Tenotomy is performed on the standing animal using a proximal metacarpal palmar nerve block. A 2 to 3 cm incision is made over the lateral aspect of the deep digital flexor tendon in the middle of the third metacarpal bone. This approach provides good exposure of the tendon and allows the surgeon to perform the procedure quickly and safely. The fascia is separated, and, with the limb flexed, the tendon is isolated and brought to the surface of the wound using small, curved retractors. The tendon is transected (Figure 1), and the wound is closed using a few skin staples. The limb is then bandaged. The bandage is changed at weekly intervals. The use of an extended heel shoe or preferably an egg bar shoe is indicated following surgery. This shoe will prevent the toe lift that may accompany a deep digital flexor tenotomy and will support the posterior aspect of the foot as the horse's weight shifts toward the heels. Shoeing will also prevent stretching of the palmar joint capsule, which results when the distal phalanx is returned to a more normal angle. This is thought to cause pain in the caudal hoof area.

Recently this author has glued most of the shoes on horses with laminitis. The advantages are it causes no trauma to the foot and the amount of composite used on the ground surface can be varied to provide better alignment of the bone within the hoof and eliminate sole pressure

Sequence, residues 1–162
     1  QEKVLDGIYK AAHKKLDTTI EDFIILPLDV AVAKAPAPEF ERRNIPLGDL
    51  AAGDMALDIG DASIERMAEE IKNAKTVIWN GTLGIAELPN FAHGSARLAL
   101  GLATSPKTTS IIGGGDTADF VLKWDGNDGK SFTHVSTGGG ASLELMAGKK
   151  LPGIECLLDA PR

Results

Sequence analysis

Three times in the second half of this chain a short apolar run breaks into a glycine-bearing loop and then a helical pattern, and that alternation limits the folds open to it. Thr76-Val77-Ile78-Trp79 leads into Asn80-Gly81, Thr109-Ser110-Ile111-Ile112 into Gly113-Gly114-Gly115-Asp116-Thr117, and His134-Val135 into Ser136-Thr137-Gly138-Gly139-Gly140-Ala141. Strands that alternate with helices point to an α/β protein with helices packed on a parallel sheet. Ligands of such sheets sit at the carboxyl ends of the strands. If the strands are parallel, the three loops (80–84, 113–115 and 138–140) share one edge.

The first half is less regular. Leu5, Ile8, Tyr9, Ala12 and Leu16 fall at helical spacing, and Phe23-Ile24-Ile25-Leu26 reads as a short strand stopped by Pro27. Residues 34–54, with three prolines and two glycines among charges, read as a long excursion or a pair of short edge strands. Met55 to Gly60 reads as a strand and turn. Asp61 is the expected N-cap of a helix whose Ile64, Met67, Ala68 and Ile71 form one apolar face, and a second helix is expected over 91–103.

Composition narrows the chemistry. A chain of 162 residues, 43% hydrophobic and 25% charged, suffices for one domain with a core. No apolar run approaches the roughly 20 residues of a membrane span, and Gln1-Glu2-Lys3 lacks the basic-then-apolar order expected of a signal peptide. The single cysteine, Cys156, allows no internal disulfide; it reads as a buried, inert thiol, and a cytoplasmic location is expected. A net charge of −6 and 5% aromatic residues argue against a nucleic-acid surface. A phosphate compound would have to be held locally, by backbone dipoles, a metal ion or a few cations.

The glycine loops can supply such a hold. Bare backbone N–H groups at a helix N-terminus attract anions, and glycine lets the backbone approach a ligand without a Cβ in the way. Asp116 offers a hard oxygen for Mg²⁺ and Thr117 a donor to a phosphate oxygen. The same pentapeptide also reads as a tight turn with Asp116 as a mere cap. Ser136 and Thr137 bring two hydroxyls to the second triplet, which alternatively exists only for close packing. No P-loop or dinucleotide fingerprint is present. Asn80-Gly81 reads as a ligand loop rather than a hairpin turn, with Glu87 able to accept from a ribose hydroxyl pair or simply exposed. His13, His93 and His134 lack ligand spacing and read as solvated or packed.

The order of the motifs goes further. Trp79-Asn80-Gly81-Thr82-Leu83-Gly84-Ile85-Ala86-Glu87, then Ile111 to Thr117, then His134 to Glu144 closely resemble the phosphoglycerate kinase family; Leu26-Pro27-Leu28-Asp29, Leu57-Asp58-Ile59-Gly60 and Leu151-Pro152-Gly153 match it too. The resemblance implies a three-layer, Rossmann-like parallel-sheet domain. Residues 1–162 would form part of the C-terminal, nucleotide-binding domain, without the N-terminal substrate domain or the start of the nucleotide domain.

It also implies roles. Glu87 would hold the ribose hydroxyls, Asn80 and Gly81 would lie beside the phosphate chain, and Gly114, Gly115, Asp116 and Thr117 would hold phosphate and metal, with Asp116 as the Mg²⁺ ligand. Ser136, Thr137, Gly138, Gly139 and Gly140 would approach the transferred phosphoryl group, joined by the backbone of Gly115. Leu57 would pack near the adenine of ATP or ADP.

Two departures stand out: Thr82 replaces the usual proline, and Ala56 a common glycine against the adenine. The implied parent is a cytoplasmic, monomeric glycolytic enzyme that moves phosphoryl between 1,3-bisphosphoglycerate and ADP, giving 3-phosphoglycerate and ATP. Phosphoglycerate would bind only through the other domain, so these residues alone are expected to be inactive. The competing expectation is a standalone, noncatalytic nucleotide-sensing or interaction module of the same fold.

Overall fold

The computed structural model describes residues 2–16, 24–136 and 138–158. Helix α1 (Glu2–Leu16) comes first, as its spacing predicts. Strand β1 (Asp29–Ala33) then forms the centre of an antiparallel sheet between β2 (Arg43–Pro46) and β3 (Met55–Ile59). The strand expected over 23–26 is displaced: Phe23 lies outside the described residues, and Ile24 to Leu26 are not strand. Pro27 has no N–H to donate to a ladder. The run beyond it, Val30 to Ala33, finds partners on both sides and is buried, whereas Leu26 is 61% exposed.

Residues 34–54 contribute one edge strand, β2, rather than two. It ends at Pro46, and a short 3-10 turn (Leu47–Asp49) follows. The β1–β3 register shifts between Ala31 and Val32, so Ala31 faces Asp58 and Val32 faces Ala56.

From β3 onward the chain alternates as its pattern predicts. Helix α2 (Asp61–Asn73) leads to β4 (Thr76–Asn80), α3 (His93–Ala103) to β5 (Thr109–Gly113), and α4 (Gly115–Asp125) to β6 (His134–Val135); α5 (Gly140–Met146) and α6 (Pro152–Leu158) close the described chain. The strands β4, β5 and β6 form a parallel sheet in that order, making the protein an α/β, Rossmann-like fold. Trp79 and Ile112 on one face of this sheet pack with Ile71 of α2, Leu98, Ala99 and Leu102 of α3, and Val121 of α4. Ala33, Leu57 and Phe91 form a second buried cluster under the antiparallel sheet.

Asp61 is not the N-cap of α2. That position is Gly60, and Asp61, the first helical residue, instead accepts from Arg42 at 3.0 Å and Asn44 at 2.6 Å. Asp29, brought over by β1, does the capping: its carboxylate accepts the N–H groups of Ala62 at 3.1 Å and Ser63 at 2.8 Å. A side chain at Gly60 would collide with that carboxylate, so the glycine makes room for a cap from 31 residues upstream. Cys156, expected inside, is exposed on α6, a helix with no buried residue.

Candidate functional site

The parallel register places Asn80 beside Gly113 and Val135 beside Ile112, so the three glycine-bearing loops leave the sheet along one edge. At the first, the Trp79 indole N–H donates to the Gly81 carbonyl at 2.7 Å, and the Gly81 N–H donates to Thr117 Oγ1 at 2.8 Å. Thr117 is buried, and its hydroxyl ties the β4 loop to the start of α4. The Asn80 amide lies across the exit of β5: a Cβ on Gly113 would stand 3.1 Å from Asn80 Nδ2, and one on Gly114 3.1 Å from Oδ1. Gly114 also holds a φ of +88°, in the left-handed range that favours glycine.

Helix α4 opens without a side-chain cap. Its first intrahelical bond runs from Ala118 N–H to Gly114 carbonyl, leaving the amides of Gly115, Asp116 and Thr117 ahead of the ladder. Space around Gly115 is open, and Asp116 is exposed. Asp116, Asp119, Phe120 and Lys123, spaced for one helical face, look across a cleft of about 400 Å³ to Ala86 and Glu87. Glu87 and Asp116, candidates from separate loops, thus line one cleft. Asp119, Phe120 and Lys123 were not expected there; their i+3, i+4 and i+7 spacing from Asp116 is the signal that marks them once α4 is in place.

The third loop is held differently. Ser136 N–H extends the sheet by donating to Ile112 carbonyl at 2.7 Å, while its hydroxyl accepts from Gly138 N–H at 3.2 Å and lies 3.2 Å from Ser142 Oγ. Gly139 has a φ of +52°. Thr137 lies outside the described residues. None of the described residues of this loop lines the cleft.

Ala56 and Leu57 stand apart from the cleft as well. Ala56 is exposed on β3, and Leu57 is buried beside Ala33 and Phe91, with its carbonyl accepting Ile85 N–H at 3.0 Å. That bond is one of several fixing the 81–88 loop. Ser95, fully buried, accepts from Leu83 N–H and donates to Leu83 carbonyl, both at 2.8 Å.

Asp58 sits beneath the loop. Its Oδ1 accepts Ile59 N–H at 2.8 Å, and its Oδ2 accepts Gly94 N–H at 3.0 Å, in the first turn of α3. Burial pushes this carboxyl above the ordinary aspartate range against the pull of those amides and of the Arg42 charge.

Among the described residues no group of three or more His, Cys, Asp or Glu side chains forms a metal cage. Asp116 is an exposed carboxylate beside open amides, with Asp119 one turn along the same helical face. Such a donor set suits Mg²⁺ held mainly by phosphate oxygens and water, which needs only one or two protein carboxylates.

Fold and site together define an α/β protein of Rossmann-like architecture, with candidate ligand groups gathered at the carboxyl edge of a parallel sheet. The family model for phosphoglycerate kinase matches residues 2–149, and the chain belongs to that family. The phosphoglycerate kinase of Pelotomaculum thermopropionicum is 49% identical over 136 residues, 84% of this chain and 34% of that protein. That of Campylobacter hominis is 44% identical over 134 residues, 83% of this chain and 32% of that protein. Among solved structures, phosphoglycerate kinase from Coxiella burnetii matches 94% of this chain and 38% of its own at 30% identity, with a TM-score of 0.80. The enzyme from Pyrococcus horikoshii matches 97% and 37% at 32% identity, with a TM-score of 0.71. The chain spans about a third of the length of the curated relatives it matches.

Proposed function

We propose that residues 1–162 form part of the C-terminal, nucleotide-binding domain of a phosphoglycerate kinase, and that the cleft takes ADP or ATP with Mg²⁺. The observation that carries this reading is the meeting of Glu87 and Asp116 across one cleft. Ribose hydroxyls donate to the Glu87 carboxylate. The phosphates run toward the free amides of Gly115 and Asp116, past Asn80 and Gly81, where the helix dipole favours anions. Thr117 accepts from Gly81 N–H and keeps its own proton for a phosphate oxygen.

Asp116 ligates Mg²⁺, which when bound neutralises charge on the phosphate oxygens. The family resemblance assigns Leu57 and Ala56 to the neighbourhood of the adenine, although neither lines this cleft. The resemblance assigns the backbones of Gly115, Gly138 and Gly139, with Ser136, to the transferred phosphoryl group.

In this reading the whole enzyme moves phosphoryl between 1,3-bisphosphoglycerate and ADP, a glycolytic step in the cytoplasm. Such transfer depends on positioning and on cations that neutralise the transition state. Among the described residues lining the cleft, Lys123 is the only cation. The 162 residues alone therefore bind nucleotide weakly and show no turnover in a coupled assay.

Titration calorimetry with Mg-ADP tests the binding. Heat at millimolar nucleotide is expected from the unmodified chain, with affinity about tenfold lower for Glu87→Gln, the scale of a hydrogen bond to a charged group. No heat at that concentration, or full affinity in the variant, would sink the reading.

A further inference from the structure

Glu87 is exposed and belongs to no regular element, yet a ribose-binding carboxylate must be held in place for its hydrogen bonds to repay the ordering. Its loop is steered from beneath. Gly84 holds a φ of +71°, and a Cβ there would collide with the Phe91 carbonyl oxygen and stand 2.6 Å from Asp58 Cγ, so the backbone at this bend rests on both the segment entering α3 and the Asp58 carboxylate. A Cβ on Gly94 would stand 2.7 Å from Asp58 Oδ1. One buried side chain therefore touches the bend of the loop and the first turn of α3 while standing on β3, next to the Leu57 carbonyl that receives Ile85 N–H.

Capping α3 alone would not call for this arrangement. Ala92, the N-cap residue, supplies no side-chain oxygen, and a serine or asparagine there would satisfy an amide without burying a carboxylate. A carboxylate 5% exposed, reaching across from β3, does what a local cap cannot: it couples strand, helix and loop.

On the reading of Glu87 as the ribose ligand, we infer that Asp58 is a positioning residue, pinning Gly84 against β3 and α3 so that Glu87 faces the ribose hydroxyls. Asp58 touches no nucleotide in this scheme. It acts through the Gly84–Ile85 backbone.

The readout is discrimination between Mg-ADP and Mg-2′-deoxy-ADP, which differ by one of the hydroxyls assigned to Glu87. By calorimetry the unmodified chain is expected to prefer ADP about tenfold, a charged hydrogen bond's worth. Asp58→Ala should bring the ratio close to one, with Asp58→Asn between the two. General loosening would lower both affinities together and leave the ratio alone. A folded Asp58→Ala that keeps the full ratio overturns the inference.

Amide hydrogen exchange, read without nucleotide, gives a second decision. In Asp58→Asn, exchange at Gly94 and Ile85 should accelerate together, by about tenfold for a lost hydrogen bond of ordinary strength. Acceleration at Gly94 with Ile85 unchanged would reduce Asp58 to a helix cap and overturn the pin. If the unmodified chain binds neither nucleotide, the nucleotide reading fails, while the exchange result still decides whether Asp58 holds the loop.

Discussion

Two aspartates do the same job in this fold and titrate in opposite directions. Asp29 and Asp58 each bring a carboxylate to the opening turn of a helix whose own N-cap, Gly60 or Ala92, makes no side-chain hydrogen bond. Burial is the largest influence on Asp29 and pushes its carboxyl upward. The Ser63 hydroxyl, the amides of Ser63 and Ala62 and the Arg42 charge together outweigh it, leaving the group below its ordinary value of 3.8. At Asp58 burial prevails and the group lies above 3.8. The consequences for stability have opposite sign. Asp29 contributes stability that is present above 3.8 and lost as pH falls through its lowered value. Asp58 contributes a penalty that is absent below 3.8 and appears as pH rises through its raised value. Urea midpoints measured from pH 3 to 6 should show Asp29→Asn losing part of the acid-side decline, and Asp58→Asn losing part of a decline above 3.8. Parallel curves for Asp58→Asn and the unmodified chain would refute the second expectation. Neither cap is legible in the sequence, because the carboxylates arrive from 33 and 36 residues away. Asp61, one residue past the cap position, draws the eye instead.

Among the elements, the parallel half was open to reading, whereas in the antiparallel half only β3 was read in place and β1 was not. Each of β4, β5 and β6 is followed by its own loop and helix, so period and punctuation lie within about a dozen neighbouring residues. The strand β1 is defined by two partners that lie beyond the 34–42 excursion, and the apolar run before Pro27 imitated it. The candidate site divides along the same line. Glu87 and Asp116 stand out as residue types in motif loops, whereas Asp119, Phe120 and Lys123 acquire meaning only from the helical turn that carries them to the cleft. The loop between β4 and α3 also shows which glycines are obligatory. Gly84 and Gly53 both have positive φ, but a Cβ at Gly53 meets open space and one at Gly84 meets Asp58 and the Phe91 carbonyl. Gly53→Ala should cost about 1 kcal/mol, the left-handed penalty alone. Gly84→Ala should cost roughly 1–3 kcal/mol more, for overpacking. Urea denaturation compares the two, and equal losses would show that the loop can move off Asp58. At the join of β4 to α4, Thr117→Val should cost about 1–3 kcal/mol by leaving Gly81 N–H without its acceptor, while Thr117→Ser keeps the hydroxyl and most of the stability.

If laminitic abscessation has occurred and is draining in the sole, a treatment plate made from in aluminum or aviation grade plastic can be attached to toe bottom of the shoe to facilitate treatment of the solar area. This plate can hold medication (such as gauze soaked in povidone iodine) against the solar area and will also protect the sole from bruising. The shoes can be applied before surgery or two weeks after surgery when the skin staples or sutures are removed.

Strict stall confinement is a necessity for the patient with massive laminar damage in which tenotomy was performed early in the course of the disease. These horses must be confined until the new growth ring extends three-fourths of the way down the hoof wall (this requires about six months). This amount of growth is necessary to establish a sufficient bond between the hoof wall and distal phalanx to adequately support the weight of the horse. Premature turnout or hand walking invariably results in treatment failure.

The chronic laminitis patient is confined to the stall for one month following a tenotomy, and brief periods (10 to 20 minutes twice daily) of hand walking are allowed. Turning the animal out in a small, flat paddock is permitted during the second month if the recovery has been satisfactory, as determined by an increase in hoof growth and sole depth and a decrease in pulse and lameness. Strict attention to hoof care and shoeing after surgery is necessary in order to obtain the maximum long-term benefits from the procedure.

Monthly follow-up radiographs are necessary after tenotomy to monitor the alignment of the distal phalanx. The distal phalanx should be realigned with the hoof capsule so that it is nearly parallel to the ground. Radiographs will help you determine how much sole should be trimmed to achieve this realignment. The rapid increase in sole depth after tenotomy requires that adequate sole be trimmed. Otherwise, extreme derotation of the distal phalanx may occur with weight abnormally placed on the heels.

References:

1. Redden, R.F.: International Equine Podiatry Center, Versailles KY, Personal communication, March 1991.

2. Sullins, K.E.: Standing Musculoskeletal Surgery. Vet. Clin. North Am. (Eq. Pract.) 7(3):687-688, 1991.


Copyright 2003 Northern Virginia Equine | All rights reserved